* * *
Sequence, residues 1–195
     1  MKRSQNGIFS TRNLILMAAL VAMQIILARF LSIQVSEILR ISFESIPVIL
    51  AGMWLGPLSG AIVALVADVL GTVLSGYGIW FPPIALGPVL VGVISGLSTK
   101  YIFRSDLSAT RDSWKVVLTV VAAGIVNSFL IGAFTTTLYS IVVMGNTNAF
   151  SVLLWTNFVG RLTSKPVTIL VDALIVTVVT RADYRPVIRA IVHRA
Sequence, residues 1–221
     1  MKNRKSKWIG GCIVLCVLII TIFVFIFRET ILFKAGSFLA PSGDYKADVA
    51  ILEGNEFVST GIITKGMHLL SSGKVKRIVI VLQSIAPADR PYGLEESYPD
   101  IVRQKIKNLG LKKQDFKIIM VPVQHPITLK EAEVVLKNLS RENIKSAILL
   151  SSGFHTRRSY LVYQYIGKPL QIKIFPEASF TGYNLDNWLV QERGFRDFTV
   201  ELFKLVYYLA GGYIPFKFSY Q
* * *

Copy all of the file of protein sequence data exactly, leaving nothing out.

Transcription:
Sequence, residues 1–195
     1  MKRSQNGIFS TRNLILMAAL VAMQIILARF LSIQVSEILR ISFESIPVIL
    51  AGMWLGPLSG AIVALVADVL GTVLSGYGIW FPPIALGPVL VGVISGLSTK
   101  YIFRSDLSAT RDSWKVVLTV VAAGIVNSFL IGAFTTTLYS IVVMGNTNAF
   151  SVLLWTNFVG RLTSKPVTIL VDALIVTVVT RADYRPVIRA IVHRA
Sequence, residues 1–221
     1  MKNRKSKWIG GCIVLCVLII TIFVFIFRET ILFKAGSFLA PSGDYKADVA
    51  ILEGNEFVST GIITKGMHLL SSGKVKRIVI VLQSIAPADR PYGLEESYPD
   101  IVRQKIKNLG LKKQDFKIIM VPVQHPITLK EAEVVLKNLS RENIKSAILL
   151  SSGFHTRRSY LVYQYIGKPL QIKIFPEASF TGYNLDNWLV QERGFRDFTV
   201  ELFKLVYYLA GGYIPFKFSY Q